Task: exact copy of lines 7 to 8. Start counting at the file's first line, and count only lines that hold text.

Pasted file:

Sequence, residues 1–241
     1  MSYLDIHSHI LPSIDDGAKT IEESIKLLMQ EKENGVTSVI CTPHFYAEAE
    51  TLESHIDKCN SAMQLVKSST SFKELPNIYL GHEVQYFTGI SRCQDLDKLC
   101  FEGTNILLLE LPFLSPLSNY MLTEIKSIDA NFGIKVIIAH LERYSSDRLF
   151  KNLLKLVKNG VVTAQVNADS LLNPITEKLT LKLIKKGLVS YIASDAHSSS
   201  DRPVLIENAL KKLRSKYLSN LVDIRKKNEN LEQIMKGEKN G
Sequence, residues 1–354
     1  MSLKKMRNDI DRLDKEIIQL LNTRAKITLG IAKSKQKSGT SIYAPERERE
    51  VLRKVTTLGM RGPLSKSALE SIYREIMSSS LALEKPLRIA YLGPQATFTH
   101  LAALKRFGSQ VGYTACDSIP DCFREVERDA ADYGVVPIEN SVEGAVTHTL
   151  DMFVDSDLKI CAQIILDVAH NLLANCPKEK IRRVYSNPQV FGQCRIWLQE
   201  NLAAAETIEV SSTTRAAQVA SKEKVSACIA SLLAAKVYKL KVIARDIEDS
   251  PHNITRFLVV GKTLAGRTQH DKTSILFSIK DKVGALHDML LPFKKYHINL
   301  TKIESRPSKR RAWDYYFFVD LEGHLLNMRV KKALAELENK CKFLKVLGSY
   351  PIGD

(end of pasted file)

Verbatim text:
Sequence, residues 1–354
     1  MSLKKMRNDI DRLDKEIIQL LNTRAKITLG IAKSKQKSGT SIYAPERERE